My anorexia, as part of my larger spiritual journey, is central to this discussion. In the same way that ascetic withdrawal in the Christian tradition is often followed by a return to the world, anorexia can be understood as a flight followed by a return. Anorexia (completed with recovery) fundamentally changed me, not least by allowing me to choose life in a way that I couldn’t before, to live more fully and intentionally. And so it is my suffering that also propels me toward pastoral care.
My understanding of suffering, in brief, is that it is meaningless. It is not a result of “sin” or an expression of divine judgment that precedes redemption. It is not orchestrated by any God or gods. While I believe that suffering is not inherently meaningful, I do think it can be used or understood in a meaningful way. There is a difference to be noted (and, in my opinion, not forgotten) between acknowledging that suffering can lead to things like “soul-building” and believing that suffering is meant to make us better.
It was my reading of my story that saved me—the meaning I made of my own suffering. It was my belief in a powerful, loving God who had intervened, who believed in me and in the possibility of my otherwise impossible salvation that kept me fighting until my mind was my own again. Some research on recovery from anorexia suggests that simply having a story is the most important factor in recovery, regardless of the content of that story or, in my case, of how helpful that meaning ends up being when assessed post- or even mid-recovery. I am because of this open to almost any sort of meaning that a person makes of their suffering in the sense that I deeply understand the importance of it.
When I was witness to a couple’s loss of their child, the mother immediately went to meaning-making once it was clear that he was going to die. She told the room that she had always known that he wasn’t long for this world; he was always going to die young, and that was always God’s plan. I might have been skeptical of her certainty in a different situation or if I were reading her story in a book, but in this moment, I felt the sacred importance of the story she was constructing. Unless a person’s meaning-making is explicitly and directly harmful to their present wellbeing, I don’t find myself judging it—and I certainly wouldn’t want to upset the process without due cause or risk toppling anyone’s structure. Losing a structure, a theological framework, is its own kind of suffering.
When it comes to prayer and other sacraments, what I am again most concerned with is the meaning these things have for the patient or the patient’s family and friends. I never had strong theological beliefs about communion or baptism, and I still don’t, so I am open to administering either sacrament as needed and to the best of my abilities. I do not understand intercessory prayer the way that the average Christian does, but it is clear to me that this kind of prayer is important. I encountered a patient’s daughter who had a similar view; she told me she was an atheist who believed “in the power of prayer” and asked me to pray for her.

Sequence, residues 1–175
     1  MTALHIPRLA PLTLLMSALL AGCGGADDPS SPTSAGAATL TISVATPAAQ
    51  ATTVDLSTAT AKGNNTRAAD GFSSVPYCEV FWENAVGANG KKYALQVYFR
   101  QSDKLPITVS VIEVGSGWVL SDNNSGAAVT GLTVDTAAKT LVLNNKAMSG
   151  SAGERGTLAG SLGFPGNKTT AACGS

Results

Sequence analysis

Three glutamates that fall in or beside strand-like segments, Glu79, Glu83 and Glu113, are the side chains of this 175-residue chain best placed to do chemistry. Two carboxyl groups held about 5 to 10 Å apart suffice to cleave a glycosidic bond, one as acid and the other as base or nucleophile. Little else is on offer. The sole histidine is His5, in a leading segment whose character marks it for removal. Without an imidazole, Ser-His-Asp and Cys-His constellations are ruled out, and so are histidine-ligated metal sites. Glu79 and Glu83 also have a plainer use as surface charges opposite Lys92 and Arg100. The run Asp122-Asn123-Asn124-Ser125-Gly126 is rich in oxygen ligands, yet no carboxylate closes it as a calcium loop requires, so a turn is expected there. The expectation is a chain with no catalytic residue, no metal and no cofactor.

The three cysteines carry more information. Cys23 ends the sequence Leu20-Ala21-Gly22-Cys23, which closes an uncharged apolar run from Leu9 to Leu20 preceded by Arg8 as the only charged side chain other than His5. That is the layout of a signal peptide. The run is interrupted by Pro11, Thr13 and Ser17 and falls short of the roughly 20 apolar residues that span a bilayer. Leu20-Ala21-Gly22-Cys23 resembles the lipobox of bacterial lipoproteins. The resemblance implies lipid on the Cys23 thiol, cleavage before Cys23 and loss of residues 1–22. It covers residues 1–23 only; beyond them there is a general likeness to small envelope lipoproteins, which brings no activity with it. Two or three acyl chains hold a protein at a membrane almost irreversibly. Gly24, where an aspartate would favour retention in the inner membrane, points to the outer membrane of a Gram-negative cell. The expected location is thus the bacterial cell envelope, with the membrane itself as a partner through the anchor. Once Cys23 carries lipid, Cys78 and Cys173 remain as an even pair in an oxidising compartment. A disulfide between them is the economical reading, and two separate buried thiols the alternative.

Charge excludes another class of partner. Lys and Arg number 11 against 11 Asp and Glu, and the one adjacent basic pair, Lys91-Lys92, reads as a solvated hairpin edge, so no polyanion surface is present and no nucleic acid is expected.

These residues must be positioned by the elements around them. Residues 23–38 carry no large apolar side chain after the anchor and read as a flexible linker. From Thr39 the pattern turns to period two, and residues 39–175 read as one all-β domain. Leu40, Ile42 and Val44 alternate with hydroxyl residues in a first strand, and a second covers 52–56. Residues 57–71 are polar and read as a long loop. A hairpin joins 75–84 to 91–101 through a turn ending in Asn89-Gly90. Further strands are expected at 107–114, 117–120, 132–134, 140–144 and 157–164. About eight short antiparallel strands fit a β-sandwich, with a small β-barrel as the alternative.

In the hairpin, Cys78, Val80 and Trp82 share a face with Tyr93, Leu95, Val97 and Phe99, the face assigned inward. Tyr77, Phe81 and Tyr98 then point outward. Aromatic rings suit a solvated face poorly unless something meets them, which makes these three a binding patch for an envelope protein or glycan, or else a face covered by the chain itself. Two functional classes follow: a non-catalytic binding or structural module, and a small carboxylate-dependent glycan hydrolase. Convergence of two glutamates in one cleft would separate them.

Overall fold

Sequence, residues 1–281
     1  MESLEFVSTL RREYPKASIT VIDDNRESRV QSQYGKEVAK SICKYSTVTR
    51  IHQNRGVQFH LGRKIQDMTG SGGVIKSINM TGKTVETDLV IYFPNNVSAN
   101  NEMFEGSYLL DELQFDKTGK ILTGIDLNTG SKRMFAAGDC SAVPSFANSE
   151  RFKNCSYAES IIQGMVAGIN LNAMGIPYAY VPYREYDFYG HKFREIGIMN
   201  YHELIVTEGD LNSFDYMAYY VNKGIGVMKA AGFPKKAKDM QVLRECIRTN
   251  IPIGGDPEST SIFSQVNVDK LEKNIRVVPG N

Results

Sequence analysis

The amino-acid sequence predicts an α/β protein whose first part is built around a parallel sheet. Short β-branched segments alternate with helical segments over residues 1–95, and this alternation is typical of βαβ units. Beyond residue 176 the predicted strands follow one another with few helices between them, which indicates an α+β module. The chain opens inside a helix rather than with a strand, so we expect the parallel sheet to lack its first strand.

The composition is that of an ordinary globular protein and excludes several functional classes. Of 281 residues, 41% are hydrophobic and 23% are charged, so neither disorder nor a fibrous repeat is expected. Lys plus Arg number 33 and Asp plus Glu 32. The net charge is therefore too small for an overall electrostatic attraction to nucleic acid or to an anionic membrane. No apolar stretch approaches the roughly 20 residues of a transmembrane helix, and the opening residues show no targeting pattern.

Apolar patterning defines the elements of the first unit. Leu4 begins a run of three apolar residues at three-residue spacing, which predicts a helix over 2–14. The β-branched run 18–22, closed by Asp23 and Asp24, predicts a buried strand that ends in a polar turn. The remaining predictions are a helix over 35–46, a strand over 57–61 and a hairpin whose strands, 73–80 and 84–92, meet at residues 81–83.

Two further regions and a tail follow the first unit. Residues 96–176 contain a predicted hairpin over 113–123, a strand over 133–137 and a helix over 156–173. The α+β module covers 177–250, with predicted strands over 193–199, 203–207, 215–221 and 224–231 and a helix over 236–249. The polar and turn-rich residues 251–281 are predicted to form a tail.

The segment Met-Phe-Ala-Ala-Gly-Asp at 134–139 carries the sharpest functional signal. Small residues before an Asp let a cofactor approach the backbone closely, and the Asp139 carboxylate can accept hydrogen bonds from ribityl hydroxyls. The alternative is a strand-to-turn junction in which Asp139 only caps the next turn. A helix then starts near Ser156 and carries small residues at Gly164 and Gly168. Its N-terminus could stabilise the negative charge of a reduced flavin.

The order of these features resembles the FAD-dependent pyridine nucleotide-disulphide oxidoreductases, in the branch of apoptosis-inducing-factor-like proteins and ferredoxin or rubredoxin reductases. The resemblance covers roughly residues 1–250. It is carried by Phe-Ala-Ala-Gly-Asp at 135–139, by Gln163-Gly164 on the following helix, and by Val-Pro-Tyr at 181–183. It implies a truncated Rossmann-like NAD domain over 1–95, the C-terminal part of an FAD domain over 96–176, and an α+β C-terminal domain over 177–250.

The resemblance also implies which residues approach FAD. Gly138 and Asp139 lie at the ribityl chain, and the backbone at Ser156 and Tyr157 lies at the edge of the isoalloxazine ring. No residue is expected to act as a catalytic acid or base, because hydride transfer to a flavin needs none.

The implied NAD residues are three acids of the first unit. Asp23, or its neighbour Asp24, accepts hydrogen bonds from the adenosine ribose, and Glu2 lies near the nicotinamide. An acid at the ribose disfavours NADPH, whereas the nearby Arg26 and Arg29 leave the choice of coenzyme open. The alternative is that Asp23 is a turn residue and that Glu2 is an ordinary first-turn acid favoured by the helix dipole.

In prayer, I see myself doing a few things. First, I am telling the person or people I am with all of the things I wish for them, and maybe in some sense, inviting something to work within them toward wholeness. Second, I see it as a way of joining others in their grief or fear or discomfort, a way of caring spiritually and emotionally for them. Third, I am working on using prayer as a tool to summarize what has been shared with me, or as a way of making the other feel heard.When I pray, I do not on the whole experience myself as praying to an all- or somewhat- powerful God who may decide to intercede. But I do often feel that I have joined the patient in some sense, or I often feel their longings as I voice them in prayer, and it is in this sense that I almost do, for a moment, believe I am praying to a powerful God who may decide to intercede.
Earlier in this unit, a patient told me that she could feel something flowing between us and that this flow was decreasing her pain. She experienced it as God, and regardless of how I might attribute it at any given moment, I knew what she meant and felt what she felt. I have faith in this sort of gentle, persuasive flow. It is what pulls me toward others, what I believe enables and encourages positive connection between people, and what I believe moves within us as we process and make meaning of our lives. As there is no personal-being God to connect to in my framework, this is what I have: moments with people (and, occasionally, in nature), moments of sacredness, moments of basking in and connecting to some sort of “flow.” I move toward others who are suffering because it is my natural inclination to do so, because that is all I have wanted to do since reintegrating myself into the world, and because of this mysterious “flow” that does seem to still lead me, whatever it is or however I conceive of it.